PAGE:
Boy Scouts pursuing their Eagle status, the Scout's highest achievable honor, usually reach that goal about age 17. The achievement has to be completed before the Scout's 18th birthday.
Brad Altman is 14 years old, and he reached the rank of Eagle on March 8. Brad said it wasn't so difficult for him to accomplish; he just focused on obtaining the necessary preliminary badges.
In order to reach the rank of Eagle, Brad had to proceed through the five ranks that precede Eagle; earn a total of 21 merit badges; serve actively as a leader in a role pertaining to his troop; plan a community service project and finally, convince an Eagle Scout review board.
During one week of summer camp, Brad and a friend said they obtained 13 "open" merit badges.
"It wasn't really too hard, it was a lot of open merit badges so the opportunity was there," Brad said. "It was a lot of art badges, like basket weaving, and the Eagle merit badges, like communications and citizenship in the world."
For his Eagle Scout project, Brad renovated Andrew Alameno/Turtle Gut Park in Wildwood Crest. The park was dedicated to Alameno, who was killed in the World Trade Center during the 9/11 terrorist attacks in 2001.
The Altman family is close to the Alameno family, Brad said, so the teenager really wanted to tackle the restoration project. While he was researching the history of the park, Brad found another name, Turtle Gut Park, which is the site of the area's only battle in the American Revolution.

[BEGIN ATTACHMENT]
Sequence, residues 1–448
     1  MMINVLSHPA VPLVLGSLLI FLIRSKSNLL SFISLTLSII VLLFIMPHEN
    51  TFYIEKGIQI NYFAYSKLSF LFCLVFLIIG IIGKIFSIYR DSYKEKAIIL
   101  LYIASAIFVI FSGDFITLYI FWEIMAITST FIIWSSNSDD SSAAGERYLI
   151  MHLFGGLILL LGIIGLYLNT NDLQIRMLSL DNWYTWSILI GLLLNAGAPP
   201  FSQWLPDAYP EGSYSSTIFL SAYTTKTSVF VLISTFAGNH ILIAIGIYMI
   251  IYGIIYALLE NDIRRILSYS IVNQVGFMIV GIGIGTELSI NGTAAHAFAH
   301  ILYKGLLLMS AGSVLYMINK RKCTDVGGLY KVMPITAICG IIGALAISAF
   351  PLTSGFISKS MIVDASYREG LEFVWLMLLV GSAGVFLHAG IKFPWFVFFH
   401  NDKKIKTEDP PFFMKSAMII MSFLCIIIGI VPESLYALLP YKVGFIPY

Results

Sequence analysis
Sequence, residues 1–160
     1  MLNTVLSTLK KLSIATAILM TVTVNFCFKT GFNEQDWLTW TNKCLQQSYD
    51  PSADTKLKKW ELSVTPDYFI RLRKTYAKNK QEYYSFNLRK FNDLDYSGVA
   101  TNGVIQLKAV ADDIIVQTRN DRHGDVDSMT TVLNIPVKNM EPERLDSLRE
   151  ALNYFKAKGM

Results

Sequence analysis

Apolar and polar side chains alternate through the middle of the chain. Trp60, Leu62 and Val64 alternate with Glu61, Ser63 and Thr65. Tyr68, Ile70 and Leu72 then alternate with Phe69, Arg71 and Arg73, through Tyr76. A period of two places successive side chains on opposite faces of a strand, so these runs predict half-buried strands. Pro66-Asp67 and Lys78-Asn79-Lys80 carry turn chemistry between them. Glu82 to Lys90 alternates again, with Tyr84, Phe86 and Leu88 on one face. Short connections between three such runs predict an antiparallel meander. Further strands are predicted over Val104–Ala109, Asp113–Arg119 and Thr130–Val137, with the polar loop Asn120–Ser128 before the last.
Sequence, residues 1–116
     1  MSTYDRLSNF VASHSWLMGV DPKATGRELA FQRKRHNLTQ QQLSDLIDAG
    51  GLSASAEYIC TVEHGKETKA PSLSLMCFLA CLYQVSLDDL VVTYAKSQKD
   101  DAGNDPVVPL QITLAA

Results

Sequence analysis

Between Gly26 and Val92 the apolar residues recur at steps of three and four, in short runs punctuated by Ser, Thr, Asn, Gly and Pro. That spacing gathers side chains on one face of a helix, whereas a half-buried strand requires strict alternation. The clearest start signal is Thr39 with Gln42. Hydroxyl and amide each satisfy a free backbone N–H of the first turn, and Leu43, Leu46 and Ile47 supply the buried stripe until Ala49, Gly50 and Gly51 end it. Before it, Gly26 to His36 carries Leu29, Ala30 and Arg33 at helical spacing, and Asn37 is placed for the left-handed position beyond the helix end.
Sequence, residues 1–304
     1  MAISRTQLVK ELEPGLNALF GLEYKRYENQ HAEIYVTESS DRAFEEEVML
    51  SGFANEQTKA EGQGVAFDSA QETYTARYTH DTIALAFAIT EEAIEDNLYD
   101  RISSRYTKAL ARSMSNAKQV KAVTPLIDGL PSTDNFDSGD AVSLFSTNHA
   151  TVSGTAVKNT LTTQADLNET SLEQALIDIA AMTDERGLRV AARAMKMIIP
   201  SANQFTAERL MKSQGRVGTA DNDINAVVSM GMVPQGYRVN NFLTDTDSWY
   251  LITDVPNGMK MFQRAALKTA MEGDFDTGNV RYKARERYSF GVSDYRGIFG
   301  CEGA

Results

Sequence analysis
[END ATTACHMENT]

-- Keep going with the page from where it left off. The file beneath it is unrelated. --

Brad's father, Brian, said his son planted red, white, and blue full blooming perennials that bloom in the fall, to reinforce the park's patriotic history. It took three months over the summer for Brad to complete the project.
Brad had his Eagle review in January, and his ceremony later in March.
He said he started scouting in December 2010, when he was about 11 years old.
"(Scouting) was one of the main things I've been doing these past few years, so it was a lot easier for me to get requirements done faster," Brad said.
He added the drive to attain Eagle status was enough to push him through the difficulty of obtaining badges. He will remain active in scouting, but not as much as he has been in the past.
Brad said being an Eagle is an honor of which magnitude he did not immediately appreciate.
"It's a very prestigious group of people, and I
hadn't realized how many big people were (Eagle Scouts) until I looked it up and realized," he said.
Contact Devin Loring: